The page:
While initial investments would be large, they could be viable for a long term. Harvesting the water, the place receives will enhance capture and decrease the load on the municipality. The government can further help in subsidizing initial costs to promote the practice. Importantly, the capture can in itself act as a supplementary source along with BMC supply as the primary source or can be the primary source with increased storage.

    Viewed in terms of capacities, this self-reliable supplement adds to the resilience. Such an approach will add to the diversification of option and also contribute to sustaining local ecologies. Therefore, Increasing Local dependencies, Increasing practices that enhance capture (Rainwater Harvesting), Decrease in practices that pollute local water bodies and a reductionist lifestyle – together can contribute to ‘bouncing forward’ resilience.


    Local dependencies – where we base our ideologies on the local geospatial context for sourcing and cyclic metabolism of a resource. In the case of Water, one solution which is often talked about is to ‘capture water where it falls‘. While other methods like ‘project warka water’ to capture water can be explored.

    Subsidy Model – while these solutions require a huge amount of initial investments, the government can adopt the subsidy model to promote these practices. Such models have already been used in cases of solar energy and grid contributions. These practices have increased capture and lowered load on the government supply – adding to the quality of individual units hence increasing its resilience, which further contributes to the larger whole.


    It is fair to say that individual resilience does impact the urban resilience of a city and Bhopal clearly demonstrates that. However, the resilient practice adopted here is not sustainable. These strategies are temporary solutions that rely on a lot of variables making them vulnerable to failure.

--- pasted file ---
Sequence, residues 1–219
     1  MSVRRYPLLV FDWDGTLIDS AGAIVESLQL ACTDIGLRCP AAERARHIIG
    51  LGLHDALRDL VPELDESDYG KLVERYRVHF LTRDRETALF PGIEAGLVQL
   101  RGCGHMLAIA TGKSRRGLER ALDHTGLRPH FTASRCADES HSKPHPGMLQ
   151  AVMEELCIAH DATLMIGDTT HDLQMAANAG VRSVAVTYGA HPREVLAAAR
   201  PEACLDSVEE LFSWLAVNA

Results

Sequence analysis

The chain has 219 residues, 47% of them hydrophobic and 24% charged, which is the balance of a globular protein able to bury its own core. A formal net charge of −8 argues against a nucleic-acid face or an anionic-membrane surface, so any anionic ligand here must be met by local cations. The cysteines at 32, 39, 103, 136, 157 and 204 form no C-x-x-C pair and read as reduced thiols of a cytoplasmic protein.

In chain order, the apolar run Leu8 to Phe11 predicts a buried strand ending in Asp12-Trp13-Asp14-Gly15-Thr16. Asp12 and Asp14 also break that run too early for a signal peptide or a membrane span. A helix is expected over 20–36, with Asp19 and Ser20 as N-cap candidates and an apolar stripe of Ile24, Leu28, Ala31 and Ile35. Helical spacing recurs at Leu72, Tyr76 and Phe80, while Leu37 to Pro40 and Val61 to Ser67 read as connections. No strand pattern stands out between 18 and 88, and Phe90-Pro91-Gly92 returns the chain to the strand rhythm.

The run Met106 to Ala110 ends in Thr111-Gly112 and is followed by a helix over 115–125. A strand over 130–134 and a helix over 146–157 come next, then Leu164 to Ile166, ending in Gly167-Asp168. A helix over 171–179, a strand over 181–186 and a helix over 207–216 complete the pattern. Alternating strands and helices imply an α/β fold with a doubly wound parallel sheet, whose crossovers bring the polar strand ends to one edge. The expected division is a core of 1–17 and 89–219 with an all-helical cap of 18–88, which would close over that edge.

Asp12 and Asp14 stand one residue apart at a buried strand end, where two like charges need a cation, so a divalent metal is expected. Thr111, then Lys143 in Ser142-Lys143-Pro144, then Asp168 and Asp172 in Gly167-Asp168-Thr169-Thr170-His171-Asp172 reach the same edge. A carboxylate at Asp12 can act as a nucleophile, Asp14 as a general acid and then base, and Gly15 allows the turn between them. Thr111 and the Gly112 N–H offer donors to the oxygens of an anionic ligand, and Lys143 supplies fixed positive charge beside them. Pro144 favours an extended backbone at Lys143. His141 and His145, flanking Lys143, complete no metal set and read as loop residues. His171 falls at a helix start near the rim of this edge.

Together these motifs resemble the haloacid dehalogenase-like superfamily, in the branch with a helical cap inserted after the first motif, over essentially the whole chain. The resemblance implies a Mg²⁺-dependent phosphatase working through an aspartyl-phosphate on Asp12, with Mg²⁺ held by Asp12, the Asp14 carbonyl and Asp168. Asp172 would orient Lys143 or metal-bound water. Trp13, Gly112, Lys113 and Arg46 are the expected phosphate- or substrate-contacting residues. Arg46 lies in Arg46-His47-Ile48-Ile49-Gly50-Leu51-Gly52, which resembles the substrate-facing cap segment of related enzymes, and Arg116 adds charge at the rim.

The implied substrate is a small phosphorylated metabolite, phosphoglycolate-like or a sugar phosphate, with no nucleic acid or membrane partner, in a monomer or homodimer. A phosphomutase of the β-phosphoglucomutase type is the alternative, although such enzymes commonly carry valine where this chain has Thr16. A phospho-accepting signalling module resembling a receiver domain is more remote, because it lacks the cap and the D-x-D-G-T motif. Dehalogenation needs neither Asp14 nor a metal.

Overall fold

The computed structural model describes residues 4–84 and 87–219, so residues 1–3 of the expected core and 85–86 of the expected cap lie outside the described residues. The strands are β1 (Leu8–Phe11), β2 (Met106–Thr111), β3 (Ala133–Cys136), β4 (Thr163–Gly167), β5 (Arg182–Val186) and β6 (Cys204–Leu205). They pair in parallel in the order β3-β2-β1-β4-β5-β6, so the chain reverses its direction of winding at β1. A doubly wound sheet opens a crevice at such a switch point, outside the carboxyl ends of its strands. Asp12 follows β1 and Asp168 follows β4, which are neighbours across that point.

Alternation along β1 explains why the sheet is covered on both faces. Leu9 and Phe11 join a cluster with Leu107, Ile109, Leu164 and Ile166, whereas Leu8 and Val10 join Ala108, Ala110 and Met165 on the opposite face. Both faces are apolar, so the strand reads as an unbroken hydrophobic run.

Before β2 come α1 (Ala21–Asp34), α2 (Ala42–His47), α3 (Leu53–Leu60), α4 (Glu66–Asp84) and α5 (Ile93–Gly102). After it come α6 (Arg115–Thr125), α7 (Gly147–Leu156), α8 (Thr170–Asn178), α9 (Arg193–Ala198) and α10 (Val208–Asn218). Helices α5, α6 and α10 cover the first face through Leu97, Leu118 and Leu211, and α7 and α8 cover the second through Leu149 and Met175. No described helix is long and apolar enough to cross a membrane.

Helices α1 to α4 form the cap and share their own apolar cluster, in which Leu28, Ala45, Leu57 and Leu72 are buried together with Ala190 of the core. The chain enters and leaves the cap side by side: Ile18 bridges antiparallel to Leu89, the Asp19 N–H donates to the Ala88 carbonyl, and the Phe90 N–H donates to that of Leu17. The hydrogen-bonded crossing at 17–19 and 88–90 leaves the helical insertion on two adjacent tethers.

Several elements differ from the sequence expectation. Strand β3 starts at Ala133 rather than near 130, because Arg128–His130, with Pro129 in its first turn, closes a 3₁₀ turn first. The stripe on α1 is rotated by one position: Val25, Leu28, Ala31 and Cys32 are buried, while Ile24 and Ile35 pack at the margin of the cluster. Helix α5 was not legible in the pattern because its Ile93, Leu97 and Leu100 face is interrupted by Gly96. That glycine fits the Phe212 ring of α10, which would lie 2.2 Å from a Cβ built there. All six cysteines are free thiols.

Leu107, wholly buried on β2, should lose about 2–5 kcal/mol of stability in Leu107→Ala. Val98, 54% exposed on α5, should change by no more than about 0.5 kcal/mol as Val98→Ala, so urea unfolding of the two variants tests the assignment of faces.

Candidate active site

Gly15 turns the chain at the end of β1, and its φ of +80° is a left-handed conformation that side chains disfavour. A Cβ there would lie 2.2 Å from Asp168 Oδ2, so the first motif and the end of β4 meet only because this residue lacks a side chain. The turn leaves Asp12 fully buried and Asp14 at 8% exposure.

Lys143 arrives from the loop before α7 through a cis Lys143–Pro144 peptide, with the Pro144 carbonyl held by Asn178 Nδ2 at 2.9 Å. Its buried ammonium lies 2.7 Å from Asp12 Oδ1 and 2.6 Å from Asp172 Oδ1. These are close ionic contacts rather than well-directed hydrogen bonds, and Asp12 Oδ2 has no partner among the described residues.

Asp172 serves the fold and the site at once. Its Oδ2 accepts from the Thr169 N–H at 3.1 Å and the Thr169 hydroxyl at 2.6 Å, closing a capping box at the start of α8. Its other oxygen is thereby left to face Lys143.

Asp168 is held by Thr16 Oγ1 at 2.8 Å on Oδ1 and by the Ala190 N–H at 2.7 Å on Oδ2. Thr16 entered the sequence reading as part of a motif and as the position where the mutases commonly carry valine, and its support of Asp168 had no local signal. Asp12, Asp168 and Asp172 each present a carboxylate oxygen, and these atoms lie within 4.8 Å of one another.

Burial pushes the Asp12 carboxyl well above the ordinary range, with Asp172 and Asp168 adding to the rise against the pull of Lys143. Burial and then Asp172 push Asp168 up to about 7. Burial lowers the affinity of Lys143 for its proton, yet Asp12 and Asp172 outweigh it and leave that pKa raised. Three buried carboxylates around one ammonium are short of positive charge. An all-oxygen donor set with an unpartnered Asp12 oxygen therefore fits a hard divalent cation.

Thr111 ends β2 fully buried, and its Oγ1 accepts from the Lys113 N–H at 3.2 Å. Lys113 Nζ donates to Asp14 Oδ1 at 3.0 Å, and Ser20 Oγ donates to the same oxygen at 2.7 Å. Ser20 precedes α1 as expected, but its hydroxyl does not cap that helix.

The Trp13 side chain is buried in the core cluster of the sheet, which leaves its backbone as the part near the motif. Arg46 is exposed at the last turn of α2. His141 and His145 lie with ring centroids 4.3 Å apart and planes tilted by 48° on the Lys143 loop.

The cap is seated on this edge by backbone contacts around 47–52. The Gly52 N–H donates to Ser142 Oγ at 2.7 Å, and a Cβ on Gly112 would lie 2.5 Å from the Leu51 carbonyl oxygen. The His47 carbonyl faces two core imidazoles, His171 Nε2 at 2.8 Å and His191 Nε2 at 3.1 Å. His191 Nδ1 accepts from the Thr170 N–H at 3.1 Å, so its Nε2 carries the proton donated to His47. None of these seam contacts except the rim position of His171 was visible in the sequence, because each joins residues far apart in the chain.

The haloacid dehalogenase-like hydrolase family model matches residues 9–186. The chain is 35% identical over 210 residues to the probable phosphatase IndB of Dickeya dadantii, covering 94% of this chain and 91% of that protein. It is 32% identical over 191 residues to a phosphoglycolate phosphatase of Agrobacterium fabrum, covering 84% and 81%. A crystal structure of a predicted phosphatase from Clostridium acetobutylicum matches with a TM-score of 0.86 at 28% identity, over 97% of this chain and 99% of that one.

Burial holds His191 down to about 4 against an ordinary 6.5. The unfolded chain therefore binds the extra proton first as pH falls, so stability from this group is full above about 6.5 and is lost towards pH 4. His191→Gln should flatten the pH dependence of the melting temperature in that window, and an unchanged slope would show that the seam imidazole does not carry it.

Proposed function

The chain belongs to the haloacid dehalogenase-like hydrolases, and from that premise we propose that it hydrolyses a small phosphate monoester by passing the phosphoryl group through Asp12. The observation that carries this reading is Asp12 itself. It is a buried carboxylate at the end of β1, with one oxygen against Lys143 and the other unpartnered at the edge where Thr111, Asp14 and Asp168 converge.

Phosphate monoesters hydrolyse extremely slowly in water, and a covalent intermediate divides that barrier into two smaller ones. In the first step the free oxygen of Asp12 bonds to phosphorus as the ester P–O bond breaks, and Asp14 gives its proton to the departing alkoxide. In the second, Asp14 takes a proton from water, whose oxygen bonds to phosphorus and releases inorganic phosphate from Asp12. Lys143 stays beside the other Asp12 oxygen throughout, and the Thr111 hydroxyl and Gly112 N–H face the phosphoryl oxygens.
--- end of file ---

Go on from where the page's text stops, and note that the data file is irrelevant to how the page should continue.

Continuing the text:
What we need to understand is that resilience should primarily be about “bouncing forward”, a move to a state better than previous. This ensures that in the face of change, the city is prepared to not only cater to change but also make sure it does not return. Most of the Bhopal’s sewage is dumped into its lakes making them toxic. To cater to this problem, a two-part action plan is needed.

    The city needs to stop dumping its waste in lakes and start conserving its rainwater to ensure a steady supply of potable water. One of the best solution to cater to Bhopal’s water crisis would be to retrofit each building with RWH. This would transform each building into an urban catchment that store rainwater and use it, making them self-reliant and in turn making the city self-reliant.

    This way our focus of capacities would result in building capability that helps each individual face water scarcity. Adopting ways in which ‘bouncing forward’ can be achieved, are imperative to development for resilient cities. There are two aspects to deal in case of development, one is to regulate the new developments and growth in urban areas using policies and frameworks. Second is to retrofit to adapt to this motive. Further research can be done to explore these two dimensions in the purview of adaptation and resilience. 17.

    Further Research

    The research talks about water sourcing of the individual household units. There could be a detailed study on these independent houses manage this water to reveal nuances of resilience practiced by them. It could be a fantastic reflection on the frugality of the citizens and the efficiency of the water system in general. The aspect of wastewater and its treatment could also be excellent research as it is prime pollutants of the lakes of the city. The way wastewater is processed from households to the BMC could help understand and eradicate pollution of the Ramsar wetland of the city. 18.


    1. Urban Local-Spatial Resilience Developing the Key Indicators and Measures, a brief review of literature Gharai F., Masnavi M.R., Hanjibandeh M.(2018,March).
    2. Scientific Journal of Bagh-e-Nazar Challenges and opportunities for building urban resilience Weichselgartner Juergen, Ilan Kelman, (2014).
    3. ITU of Faculty of Architecture, Vol.11, No:1 Urban Resilience: Informal and squatter settlements in the pacific region Jones P., Sanderson D. (2017,August), Urban Resilience: Informal and squatter settlements in the Pacific Region.
    4. Development Bulletin,issue 78 Urban resilience: A concept for co-creating cities Dr. Niki Frantzeskaki, Lead Expert , Resilient Europe, 2016 Anon 2011, 71-City Water-Excreta Survey, 2011-12
    5. Centre for Science and Environment, New Delhi Climate Change, Changing Rainfall and Increasing Water Scarcity: An integrated approach for planning adaptation and building resilience of smallholder subsistence livelihoods in Nepal. (IGES Research Report 2014-07)
    6. Resilience, Innovation and Knowledge Transfer: Conceptual Considerations and Future Research Directions. Guerreiro, J. André & Pinto, Hugo. (2018).